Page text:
Here is an interesting fact for Downton Abbey fans:
The nearby town of Ripon is a real place. It has a real Anglican bishop. During the Second Vatican Council, the Anglican Bishop of Ripon represented the Church of England in St. Peter’s. At one point, he said:
For there to be unity among Christians, there will have to be a central head of the Church, and that head will certainly have to be the Bishop of Rome.
Interesting enough, if we leave it at that.
But perhaps even more interestingly, Bishop Moorman went on to say that, in order to arrive at true collegiality among all the bishops of the Church, “some method must be provided whereby representative bishops of the whole world could form a permanent council with the Pope, which would be an improvement on the present system of a largely Italian Curia.”
Now, the system for collegiality which Vatican II envisioned–namely, the regular meeting of bishops in Synod with the Pope–has, in fact, occurred ever since the Council concluded. Also, the Curia is nowhere near as Italian as it was in 1963. Not to mention the fact that the monumental task of organizing and running Vatican II itself was largely accomplished by “the Curia.”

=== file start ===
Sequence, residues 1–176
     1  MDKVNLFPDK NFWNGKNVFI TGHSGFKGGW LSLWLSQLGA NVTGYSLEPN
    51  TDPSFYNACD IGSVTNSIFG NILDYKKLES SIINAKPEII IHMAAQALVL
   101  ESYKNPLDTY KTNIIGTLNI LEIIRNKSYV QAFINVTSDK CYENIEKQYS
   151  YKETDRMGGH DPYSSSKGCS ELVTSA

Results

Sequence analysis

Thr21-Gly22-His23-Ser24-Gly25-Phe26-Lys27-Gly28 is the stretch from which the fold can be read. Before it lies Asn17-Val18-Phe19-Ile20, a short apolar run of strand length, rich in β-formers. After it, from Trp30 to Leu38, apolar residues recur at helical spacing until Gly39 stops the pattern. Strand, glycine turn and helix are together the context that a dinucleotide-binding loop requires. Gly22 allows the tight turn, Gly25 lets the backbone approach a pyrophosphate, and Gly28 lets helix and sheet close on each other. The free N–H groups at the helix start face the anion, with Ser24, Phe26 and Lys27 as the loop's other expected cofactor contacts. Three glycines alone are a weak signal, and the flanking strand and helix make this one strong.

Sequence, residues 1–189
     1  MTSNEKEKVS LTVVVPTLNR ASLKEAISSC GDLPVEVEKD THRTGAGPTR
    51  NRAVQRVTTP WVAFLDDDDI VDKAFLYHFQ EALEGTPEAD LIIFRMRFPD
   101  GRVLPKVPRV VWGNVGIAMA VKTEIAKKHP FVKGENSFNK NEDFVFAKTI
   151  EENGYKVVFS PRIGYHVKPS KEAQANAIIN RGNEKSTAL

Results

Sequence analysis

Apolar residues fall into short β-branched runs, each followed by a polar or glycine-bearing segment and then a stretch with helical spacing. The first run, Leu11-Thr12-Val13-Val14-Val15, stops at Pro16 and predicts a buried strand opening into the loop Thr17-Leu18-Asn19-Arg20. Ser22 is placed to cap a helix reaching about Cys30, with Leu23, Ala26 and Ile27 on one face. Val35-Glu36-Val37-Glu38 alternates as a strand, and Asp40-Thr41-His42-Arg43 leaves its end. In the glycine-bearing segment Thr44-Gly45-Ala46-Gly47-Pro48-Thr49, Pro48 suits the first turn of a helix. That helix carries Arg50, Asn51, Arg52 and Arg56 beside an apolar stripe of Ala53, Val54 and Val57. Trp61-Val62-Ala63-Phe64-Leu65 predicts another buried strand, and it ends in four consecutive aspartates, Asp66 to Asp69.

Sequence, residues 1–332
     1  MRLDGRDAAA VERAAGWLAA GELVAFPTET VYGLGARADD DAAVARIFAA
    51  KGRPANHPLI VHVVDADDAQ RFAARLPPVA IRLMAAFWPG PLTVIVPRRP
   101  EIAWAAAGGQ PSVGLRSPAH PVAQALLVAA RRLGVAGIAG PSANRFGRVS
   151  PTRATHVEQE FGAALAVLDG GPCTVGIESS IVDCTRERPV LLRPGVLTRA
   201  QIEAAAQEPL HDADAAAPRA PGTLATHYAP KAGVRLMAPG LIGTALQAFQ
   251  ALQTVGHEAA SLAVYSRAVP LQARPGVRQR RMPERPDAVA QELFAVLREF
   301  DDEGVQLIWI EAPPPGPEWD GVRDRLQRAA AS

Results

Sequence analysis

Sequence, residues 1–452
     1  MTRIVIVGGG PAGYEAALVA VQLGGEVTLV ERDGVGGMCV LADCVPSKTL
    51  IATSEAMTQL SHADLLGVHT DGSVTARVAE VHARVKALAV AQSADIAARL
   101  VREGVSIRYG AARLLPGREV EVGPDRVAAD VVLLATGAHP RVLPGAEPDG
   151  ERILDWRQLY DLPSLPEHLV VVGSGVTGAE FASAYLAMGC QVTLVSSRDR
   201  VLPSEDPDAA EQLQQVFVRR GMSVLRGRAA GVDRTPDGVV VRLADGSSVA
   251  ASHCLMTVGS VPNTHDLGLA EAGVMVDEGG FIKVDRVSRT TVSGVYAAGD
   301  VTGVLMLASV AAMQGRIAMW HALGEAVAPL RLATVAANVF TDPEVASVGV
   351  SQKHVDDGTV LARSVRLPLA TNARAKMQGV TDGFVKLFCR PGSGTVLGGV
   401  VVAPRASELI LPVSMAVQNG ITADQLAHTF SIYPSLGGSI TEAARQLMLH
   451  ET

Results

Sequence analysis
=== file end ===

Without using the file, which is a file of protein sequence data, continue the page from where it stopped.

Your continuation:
And yet the specter of the unhelpful, if not corrupt, “Italian Curia” remains. To my little mind, the widespread hue and cry for “Curial reform” these days rings empty, like a meaningless shibboleth.
Does it make sense to condemn a corrupt Italian Roman Curia, when the head of the most powerful dicastery has been, for almost all of the eight years of Benedict XVI’s pontificate, an American? When it has been 35 years since an Italian occupied the Chair of Peter? When “the Curia” can boast of a success as truly titanic as publishing the Catechism of the Catholic Church? When “the Curia” has had to navigate the task of ushering the vernacular into the Sacred Liturgy of the Roman Rite?
Old stereotypes die hard. I am afraid that most reporters, when they use (and mispronounce) the word “Curia,” really have no idea whatsoever what they are talking about.
Maybe we can humbly acknowledge that the real business of running the Apostolic See is a bit more complicated than largely uninformed slogans about “the Curia.”